What is perhaps of greater impact (in the long term), is the concept of DPAs having powers to independently determine whether or not to accept a decision of the Commission. The whole purpose of the incoming GDPR is to harmonise the data protection laws of the EU. However it will be difficult to achieve such harmony if each state can take its own view on matters – such a scenario could create much more disparity and confusion than exists currently. For example, the AG’s Europe could presumably have some Member States regarding one list of countries as providing adequate protections, while other Member States may take a different view.
What should you do?
For the thousands of businesses that rely on Safe Harbor to transfer their data, the question is going to be what should they do?
Businesses should remember that this is an opinion on the interpretation of applicable EU law by the AG – the CJEU is not bound by it, but it is likely to be a strong influence on the final decision of CJEU due later this year.
Further, impacts on trade & commerce, costs and the resources of the Member State DPAs to handle investigations – and other real world impacts - aren’t something that gets considered here in a process that is focused on interpretation of existing laws to protect fundamental rights confirmed by the Charter. These points will be considered later, hopefully before a final binding decision on the future of Safe Harbor is made.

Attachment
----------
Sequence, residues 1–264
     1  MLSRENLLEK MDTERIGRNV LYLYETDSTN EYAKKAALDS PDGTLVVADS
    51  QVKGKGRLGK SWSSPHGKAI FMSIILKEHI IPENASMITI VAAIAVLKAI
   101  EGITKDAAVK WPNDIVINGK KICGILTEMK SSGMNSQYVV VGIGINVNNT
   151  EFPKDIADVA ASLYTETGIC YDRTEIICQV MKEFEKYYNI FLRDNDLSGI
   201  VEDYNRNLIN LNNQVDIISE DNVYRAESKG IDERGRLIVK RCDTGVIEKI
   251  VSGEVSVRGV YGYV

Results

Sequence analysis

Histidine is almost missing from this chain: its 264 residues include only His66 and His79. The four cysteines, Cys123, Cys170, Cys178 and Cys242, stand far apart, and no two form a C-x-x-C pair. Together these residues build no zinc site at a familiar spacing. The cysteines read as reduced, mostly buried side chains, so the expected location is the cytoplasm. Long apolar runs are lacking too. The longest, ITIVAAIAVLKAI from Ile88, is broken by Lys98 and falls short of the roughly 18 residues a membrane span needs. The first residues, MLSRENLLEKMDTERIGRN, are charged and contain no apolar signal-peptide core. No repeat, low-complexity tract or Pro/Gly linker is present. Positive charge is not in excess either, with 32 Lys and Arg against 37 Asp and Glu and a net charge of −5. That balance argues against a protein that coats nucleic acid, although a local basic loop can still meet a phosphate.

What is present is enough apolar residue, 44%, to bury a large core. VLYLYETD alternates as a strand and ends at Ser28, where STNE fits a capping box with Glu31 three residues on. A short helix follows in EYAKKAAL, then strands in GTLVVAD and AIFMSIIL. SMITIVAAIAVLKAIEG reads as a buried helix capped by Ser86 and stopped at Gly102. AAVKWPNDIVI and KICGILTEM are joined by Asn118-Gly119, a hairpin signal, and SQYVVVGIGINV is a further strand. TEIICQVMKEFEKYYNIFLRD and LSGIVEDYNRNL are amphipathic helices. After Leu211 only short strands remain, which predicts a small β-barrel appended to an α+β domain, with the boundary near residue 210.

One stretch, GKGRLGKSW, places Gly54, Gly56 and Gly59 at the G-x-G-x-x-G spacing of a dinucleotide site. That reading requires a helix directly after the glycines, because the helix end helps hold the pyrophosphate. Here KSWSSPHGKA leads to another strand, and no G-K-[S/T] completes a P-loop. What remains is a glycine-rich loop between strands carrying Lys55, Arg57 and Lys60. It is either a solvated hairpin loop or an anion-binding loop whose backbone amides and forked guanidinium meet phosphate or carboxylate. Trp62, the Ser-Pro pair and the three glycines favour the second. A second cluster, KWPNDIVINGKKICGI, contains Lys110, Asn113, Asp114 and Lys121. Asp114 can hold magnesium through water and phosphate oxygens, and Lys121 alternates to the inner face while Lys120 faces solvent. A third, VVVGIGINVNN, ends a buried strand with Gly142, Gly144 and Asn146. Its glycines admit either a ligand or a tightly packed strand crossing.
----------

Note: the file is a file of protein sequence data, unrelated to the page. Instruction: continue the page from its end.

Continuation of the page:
In the meantime, the SH Decision and therefore Safe Harbor does still stand as valid… but it is hanging on by a thread.
It is to be hoped that the Opinion will inject further rigor and more speed into US-EU renegotiations on Safe Harbor. It is also to be hoped that none of the DPAs (or the Commission for that matter) jump the gun and move to suspend Safe Harbor now rather than await the final CJEU ruling.
However, for now, other mechanisms for addressing transfers to the US do exist and businesses relying on Safe Harbor might want to give careful consideration to their ‘Plan B’ - if not implementing any actual changes just yet.